Phenomenography is probably better termed a research design, rather than a theory or a method, as it embodies both theoretical (i.e. there are a limited number of ways of perceiving a particular phenomenon) and methodological (typically the phenomenographic interview) perspectives. Even within higher education studies it is very much a minority interest, but it has been picked up and applied to some degree outside higher education (and education) as well.
Some Institutional Manifestation.
The final characteristic suggested by Krishnan is, as already noted, probably the most obvious, and probably the way in which most people would immediately think of disciplines: are there university departments, professors, degrees, journals and professional associations with ‘higher education’ in their titles? There are indeed all of these things.
The identification of 86 specialist academic journals focusing on higher education in 2016 has already been referred to (Tight 2018). This is undoubtedly an underestimate, as there is no definitive listing to check. While they are fewer in number, and similarly unlisted, there are also dozens of professional associations or societies focusing on higher education.
However, the presence of higher education studies within the university is both partial and particular. The Center for International Higher Education at Boston College, USA, maintains a very useful Worldwide Higher Education Inventory, which provides plentiful evidence on this characteristic (Rumbley et al. 2014). In 2014 it identified 277 graduate-level higher education programs (two-thirds of them in the United States) and 217 higher education research centres or institutes (50 in the USA, 44 in China and 18 in the UK) in 56 countries worldwide.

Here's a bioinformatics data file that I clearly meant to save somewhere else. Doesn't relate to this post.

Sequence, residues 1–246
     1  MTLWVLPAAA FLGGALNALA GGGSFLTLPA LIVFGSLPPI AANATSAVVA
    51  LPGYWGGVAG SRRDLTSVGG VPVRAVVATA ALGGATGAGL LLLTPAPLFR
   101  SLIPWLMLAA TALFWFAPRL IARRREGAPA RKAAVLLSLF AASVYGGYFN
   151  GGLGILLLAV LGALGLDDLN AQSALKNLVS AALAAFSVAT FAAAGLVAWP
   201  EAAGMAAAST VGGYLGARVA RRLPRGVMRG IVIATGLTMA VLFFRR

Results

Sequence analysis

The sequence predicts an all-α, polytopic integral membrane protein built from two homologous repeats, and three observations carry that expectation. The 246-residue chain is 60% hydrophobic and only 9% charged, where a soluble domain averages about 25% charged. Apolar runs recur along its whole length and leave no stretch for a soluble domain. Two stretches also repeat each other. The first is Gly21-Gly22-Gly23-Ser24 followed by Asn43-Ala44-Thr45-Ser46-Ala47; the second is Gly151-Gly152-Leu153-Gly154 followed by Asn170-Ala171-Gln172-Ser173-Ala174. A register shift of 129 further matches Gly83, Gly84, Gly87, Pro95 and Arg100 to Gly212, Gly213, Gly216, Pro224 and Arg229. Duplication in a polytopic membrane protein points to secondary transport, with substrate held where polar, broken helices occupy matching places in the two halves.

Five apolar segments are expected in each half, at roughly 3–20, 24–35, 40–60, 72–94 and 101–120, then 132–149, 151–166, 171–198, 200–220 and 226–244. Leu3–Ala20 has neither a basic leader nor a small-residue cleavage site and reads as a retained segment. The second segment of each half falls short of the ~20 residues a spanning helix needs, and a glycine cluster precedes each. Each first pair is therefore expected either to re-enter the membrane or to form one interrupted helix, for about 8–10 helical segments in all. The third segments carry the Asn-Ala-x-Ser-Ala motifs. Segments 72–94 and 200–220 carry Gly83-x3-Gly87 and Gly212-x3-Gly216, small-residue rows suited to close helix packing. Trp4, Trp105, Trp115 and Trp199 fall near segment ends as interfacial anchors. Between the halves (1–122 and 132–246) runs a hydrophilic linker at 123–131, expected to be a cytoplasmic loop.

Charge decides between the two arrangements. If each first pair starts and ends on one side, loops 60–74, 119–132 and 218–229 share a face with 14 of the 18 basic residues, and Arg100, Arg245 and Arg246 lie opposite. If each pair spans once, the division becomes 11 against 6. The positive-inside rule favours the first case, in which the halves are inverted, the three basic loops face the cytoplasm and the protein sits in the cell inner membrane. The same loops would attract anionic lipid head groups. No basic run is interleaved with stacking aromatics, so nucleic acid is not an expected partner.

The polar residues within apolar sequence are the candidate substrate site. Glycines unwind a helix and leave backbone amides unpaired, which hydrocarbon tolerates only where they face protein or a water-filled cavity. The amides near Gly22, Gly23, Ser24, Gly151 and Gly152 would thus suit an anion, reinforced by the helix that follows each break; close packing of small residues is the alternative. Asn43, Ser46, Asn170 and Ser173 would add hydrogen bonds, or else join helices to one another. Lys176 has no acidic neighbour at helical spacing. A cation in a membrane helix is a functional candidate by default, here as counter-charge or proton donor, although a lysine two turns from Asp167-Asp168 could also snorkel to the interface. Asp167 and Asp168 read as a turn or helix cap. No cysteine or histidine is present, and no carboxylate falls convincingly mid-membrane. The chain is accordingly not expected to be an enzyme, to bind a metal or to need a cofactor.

However, the programs identified are all graduate level; that is, they are postgraduate certificates (typically induction programmes taken by newly appointed academics), master’s degrees or doctoral programmes. Higher education is rarely studied at first degree level, unlike most disciplines. And the institutional presence of higher education usually takes the form of research centres or institutes, rather than fully fledged academic departments.
In the United States the most common higher education studies presence is in the form of an institutional research office, charged with benchmarking the university’s performance against its competitors, and more closely linked to the administration than to other university departments. In the UK or Australia this presence is most likely to be an academic development or teaching and learning centre, charged with improving the teaching performance of new and established academic staff. Typically, these will have fewer than 10 staff. The presence of a group of actively researching academic staff, focused on higher education studies, in a university or college – located in an education department or higher education research centre – is unusual.
Altbach comes up with the following summation: ‘a total conservative estimate of professionals who are involved in research on higher education is probably more than 12,000’ globally (2014, p. 15). While this is, indeed, a conservative estimate, and is out of date, the key point to emphasize for present purposes is that most of these people will only have a part-time commitment to researching higher education, and it may also be short-term. The number of full-time, career track higher education researchers is much smaller.
Higher education studies is unusual – as a field or discipline – in that those contributing are spread all over the academy, in all disciplines and often in the university administration as well. This does have some disadvantages, including lack of communication between those focusing on higher education studies and those focusing on discipline-based educational research (le Roux et al. 2019).
Higher education studies may, therefore, be described as an interdisciplinary field (or fields) of research, or, in Harland’s (2012) words ‘an open-access discipline’; in other words, interested parties from all disciplines are welcome to contribute.